Unfortunately the act of unwinding herself only served to wind Sunny up.

I put the carrier on the ground and proceeded to intricately step over and under leashes, much like Tom Cruise avoiding lasers in a spy movie.

Untangled, I left the carrier where it was and got the dogs in the door, then dragged the portable shed through the doorway inch by inch.

We had made it.

Into the foyer.

We then had to repeat the whole process to get through the next door and into the office proper.

Only once I opened said door, the antiseptic smell of Vet's Office washed over the dogs and they knew where they were. This was no longer an adventurous outing, but an excursion through the gates of Hell.

They both put their full body weights into pulling back against their leashes. This while I was pushing the carrier through the doorway with about 1/2 inch to spare on either side, like I was moving a dresser into a bedroom. I pushed it into the office as far as my arms would reach, then stepped back and flung the dogs in with one mighty, adrenaline-surge of strength.

I recovered my breath for a few moments in the waiting room, slumped in a chair, my hair plastered to my face, my clothes enshroudeded in dog hair. The dogs were trembling in the corner. The cats, nonplussed, gazed out at me from the confines of their mini mansion.

The time came to weigh the dogs and Sunny lumbered onto the scale. I know I heard it creak. For a split second her motion stopped and her weight registered.
101 pounds.

My mind's eye offered up several snapshots:
Sunny parked under the table, catching each food particle before it hit the floor.
Sunny beating the other dogs to the dishes placed on the floor to pre-rinse before going in the dishwasher.
Sunny trying to wedge her massive body inside the dishwasher to get any nuances of food left behind from the pre-rinse.
She was all about the food.

Next it was Cindy Lou's turn.
"Go ahead and put her on the scale", instructed the tech.
"She is on the scale", I replied.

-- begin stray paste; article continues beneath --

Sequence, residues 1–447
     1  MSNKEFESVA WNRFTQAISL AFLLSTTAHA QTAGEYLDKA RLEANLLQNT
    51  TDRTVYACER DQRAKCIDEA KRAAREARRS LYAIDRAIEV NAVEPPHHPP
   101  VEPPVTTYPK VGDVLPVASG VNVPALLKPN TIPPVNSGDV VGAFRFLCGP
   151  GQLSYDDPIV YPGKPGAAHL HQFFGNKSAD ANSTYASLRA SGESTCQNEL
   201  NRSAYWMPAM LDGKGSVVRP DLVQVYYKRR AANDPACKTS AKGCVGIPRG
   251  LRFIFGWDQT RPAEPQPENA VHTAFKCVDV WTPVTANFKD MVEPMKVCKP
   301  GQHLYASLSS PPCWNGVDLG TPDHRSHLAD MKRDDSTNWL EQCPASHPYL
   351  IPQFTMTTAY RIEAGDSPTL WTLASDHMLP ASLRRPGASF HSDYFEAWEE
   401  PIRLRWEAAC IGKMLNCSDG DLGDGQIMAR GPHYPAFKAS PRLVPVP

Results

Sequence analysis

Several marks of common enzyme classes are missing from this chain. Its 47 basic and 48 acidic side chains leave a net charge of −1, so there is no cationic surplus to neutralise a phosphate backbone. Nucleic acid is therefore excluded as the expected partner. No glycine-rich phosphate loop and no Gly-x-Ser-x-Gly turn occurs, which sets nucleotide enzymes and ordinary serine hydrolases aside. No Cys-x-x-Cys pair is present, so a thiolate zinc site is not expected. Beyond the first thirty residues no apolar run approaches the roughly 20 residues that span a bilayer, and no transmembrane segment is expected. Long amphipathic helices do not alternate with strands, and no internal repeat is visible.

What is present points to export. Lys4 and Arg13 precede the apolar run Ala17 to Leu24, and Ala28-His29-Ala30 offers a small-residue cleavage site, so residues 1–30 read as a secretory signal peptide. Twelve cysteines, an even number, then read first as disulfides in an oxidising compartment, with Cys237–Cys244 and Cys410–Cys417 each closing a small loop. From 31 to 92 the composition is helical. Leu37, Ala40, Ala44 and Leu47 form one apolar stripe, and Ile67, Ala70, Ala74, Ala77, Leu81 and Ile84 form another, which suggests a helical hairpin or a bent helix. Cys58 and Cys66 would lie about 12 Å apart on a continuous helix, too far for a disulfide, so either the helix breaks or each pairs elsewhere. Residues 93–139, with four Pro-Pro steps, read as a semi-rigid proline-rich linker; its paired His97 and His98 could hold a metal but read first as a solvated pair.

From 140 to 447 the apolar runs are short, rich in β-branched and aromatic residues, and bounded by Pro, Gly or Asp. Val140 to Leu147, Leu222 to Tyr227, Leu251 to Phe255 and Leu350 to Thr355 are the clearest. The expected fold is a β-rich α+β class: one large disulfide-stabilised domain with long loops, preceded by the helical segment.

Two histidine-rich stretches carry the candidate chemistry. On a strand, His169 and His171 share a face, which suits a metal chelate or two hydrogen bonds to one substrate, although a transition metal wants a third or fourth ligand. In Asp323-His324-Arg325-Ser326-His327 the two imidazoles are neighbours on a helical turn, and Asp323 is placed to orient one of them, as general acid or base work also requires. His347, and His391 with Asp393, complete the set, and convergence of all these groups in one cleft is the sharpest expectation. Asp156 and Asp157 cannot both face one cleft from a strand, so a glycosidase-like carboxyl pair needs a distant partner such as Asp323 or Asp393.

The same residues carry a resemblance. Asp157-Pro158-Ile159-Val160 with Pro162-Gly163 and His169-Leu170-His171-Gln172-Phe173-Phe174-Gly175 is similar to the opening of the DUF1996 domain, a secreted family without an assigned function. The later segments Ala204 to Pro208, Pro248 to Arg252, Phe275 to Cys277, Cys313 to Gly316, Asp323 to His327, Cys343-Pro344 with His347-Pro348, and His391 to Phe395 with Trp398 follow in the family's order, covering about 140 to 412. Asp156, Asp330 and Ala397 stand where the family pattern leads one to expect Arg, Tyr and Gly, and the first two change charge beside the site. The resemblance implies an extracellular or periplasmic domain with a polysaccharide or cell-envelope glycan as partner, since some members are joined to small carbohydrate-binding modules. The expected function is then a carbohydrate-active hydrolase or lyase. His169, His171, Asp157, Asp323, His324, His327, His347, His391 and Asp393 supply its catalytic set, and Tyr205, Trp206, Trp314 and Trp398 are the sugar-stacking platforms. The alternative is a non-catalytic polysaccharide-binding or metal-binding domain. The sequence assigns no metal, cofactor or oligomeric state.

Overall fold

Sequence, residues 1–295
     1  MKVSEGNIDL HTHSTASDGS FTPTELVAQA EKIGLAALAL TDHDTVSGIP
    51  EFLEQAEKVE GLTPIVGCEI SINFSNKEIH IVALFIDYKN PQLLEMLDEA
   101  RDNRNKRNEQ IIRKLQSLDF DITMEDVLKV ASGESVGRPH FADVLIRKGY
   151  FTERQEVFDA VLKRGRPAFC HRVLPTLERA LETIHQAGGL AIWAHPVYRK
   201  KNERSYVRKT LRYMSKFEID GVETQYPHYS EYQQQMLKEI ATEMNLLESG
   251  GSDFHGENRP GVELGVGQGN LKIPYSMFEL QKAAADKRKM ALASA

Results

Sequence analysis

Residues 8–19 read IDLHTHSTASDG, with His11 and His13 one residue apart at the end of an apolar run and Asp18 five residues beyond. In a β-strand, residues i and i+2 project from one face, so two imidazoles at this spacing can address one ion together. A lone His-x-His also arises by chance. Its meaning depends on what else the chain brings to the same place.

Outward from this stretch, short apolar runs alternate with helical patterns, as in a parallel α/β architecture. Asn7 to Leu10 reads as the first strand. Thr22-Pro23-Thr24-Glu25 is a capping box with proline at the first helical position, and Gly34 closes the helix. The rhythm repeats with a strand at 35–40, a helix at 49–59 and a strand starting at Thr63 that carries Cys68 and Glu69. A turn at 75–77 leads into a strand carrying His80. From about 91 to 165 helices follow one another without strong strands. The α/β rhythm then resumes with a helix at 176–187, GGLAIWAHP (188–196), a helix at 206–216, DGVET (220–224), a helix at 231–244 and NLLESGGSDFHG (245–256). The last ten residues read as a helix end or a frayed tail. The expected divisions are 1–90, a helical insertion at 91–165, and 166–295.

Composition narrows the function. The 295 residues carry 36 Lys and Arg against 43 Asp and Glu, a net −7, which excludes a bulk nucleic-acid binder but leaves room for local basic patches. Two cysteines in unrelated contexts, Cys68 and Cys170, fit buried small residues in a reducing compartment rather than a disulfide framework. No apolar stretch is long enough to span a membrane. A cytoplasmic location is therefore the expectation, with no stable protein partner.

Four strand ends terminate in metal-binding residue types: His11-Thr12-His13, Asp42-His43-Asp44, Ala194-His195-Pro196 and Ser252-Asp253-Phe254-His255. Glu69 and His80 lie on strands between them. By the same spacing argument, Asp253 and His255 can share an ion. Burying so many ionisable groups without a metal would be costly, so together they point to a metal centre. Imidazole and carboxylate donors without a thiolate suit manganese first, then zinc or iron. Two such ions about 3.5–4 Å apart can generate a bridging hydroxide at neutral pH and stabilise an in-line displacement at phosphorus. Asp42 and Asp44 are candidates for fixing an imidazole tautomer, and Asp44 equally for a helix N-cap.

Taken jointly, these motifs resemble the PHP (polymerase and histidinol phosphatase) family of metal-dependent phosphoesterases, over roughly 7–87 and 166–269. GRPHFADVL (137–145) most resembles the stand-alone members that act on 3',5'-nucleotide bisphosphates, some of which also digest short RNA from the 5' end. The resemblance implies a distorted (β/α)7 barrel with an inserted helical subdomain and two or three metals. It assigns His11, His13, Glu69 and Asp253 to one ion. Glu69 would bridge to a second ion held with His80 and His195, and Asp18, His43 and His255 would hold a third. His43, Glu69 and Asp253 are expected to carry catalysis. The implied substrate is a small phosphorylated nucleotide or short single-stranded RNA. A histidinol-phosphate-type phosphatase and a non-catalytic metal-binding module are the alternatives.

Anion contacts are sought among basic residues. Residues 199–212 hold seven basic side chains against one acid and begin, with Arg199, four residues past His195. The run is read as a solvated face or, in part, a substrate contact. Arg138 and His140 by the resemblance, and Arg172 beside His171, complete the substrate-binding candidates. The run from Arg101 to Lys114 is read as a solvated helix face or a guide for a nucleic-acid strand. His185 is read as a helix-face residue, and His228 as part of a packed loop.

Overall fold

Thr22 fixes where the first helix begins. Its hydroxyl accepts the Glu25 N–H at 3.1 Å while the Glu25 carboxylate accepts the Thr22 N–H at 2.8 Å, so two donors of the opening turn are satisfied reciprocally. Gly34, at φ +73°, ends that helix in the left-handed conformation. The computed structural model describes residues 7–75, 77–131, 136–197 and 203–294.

She weighed all of 8 pounds.

We got them all in the exam room and the the vet did his thing and all went well. Except Cindy, having never been to the vet's before, was nervous. Standing on the exam table, facing the vet, she saw his hand reach out to her and she wanted away. With her little tail being pressed up against my arm, she had nowhere to go. So she started backing her hindquarters up my body till her back legs were on my shoulder and she was doing a full handstand, completely vertically, upside-down.

Yes. I have normal animals.

The exam over, with thorough examinations and multiple vaccinations for each of them and two new drugs for Sunny's ears, I headed to the desk to check out.
There was much clicking of the keyboard.
There were many papers printed.
There were consultations in hushed whispers.

I was presented with the bill.

$401 dollars.

My God in heaven.

This was 1/2 a month's worth of groceries.
This was a pair of shoes and a pack of socks for each member of the family. And throw in some underwear.
This was a couple month's worth of school lunches.
This was a trip to WalMart when I only planned on getting some Tide and Ziplock Bags but ended up buying everything that I saw that I thought we needed at the time including that cute little throw-rug that would look just right by the front door.

There was only one thing for it.
Sell the children for scientific experimentation.